Why sales of Ivanka Trump products surged in February

Ivanka Trump might not be having much luck with her childcare proposal, but the fashion line she founded in 2007 had a good month.

Pablo Martinez Monsivais/AP/File
Ivanka Trump, daughter of President Trump, speaks with Michelle DeLaune from the National Center for Missing and Exploited Children during a meeting on domestic and international human trafficking last month.

After several major department stores, including Nordstrom and Neiman Marcus, dropped Ivanka Trump’s products, citing poor performance, the company's revenue boomed in February, mostly from online sales.

Though the first daughter divested herself from her eponymous brand in January, a wave of high profile news surrounding the label – including calls for boycotts – combined with full-throated support of the brand from the White House made the sales of Ivanka-brand items more political than ever. 

Abigail Klem, who took over as president of the fashion label after the election, confirmed the company’s rapid growth online since last month, though she declined to provide specific sales figures. The brand sells clothing, shoes, accessories, and jewelry. 

“Since the beginning of February, they were some of the best performing weeks in the history of the brand,” Ms. Klem told Refinery29.com on Tuesday. “For several different retailers, Ivanka Trump was a top performer online, and in some of the categories it was the [company’s] best performance ever.”

Data from Lyst, a British e-commerce website that tracks online sale items, backs her claim. Sales jumped 346 percent from January to February this year and an eye-popping 557 percent from the average orders last year, a representative from the company told the Telegraph. The company's sales ranking on Lyst skyrocketed from 550th in January to 11th in February.

“To see such an extreme spike in one month is completely unheard of and came as a huge surprise to us," the US spokesperson for the London-based company Sarah Tanner told Fox News on Wednesday.

Analysis of email receipts by e-commerce market research firm Slice Intelligence shows that, among its panel of 4.4 million online shoppers, online sales of Ivanka Trump merchandise rose on Amazon last month, surging 332 percent in the first two months of 2017 compared to the same period of time in 2016. The company's perfume became Amazon's bestseller, and the online giant replaced Nordstrom as the largest seller of the brand, CNBC reported on Thursday.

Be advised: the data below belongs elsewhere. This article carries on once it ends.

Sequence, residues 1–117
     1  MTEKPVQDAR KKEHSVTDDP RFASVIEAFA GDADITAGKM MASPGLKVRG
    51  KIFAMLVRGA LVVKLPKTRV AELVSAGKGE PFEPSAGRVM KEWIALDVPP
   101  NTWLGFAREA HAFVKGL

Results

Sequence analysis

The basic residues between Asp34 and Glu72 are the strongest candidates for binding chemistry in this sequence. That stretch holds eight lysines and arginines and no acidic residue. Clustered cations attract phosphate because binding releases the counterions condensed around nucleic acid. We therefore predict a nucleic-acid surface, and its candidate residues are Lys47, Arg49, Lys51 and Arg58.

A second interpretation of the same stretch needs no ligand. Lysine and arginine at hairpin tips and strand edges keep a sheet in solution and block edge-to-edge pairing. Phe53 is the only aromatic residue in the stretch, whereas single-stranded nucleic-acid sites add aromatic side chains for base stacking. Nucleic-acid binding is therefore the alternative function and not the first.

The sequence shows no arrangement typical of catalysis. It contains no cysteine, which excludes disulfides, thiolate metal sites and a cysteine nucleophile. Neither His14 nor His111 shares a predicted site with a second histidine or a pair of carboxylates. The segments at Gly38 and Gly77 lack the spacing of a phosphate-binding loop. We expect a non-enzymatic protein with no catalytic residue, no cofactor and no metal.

The label’s sales also jumped 148 percent at Macys.com and 29.5 percent at Bloomingdales.com, which is owned by Macy’s.

The first daughter’s ex-company and possible ongoing conflicts of interest have been in the spotlight in recent months. After Nordstrom announced it would not carry the new season of Ivanka Trump products, President Trump attacked the department store chain in a tweet while White House senior counselor Kellyanne Conway plugged the brand during a television interview, as The Christian Science Monitor reported. Ms. Conway was later counseled and the incident led to an investigation by the Office of Government Ethics, who recommended discipline.  

Though Ms. Trump stepped down from the executive role, she still holds her financial stake in the company. Her business interests have drawn criticism, as she is heavily involved in her father’s administration even without an official title. 

“We often noticed sales and search data are related to current events," Ms. Tanner told Fox News. “The Trump brand has largely been in the news many times during February, and it wouldn't be surprising to say that resulted in increased sales, in many calls for supporting the brand that we've seen online and throughout the last couple of months.”

Despite the calls to boycott Ivanka Trump merchandise, Klem remains optimistic about the future of the company. 

“A lot of people support Ivanka, even across both political parties,” she told Refinery29. “And then I think a lot of other people feel like, ‘Oh, I didn’t know Ivanka had a shoe line.’ ‘Oh, I didn’t know she had a handbag line.’ And they’re buying it.”

You've read  of  free articles. Subscribe to continue.

Dear Reader,

About a year ago, I happened upon this statement about the Monitor in the Harvard Business Review – under the charming heading of “do things that don’t interest you”:

“Many things that end up” being meaningful, writes social scientist Joseph Grenny, “have come from conference workshops, articles, or online videos that began as a chore and ended with an insight. My work in Kenya, for example, was heavily influenced by a Christian Science Monitor article I had forced myself to read 10 years earlier. Sometimes, we call things ‘boring’ simply because they lie outside the box we are currently in.”

If you were to come up with a punchline to a joke about the Monitor, that would probably be it. We’re seen as being global, fair, insightful, and perhaps a bit too earnest. We’re the bran muffin of journalism.

But you know what? We change lives. And I’m going to argue that we change lives precisely because we force open that too-small box that most human beings think they live in.

The Monitor is a peculiar little publication that’s hard for the world to figure out. We’re run by a church, but we’re not only for church members and we’re not about converting people. We’re known as being fair even as the world becomes as polarized as at any time since the newspaper’s founding in 1908.

We have a mission beyond circulation, we want to bridge divides. We’re about kicking down the door of thought everywhere and saying, “You are bigger and more capable than you realize. And we can prove it.”

If you’re looking for bran muffin journalism, you can subscribe to the Monitor for $15. You’ll get the Monitor Weekly magazine, the Monitor Daily email, and unlimited access to CSMonitor.com.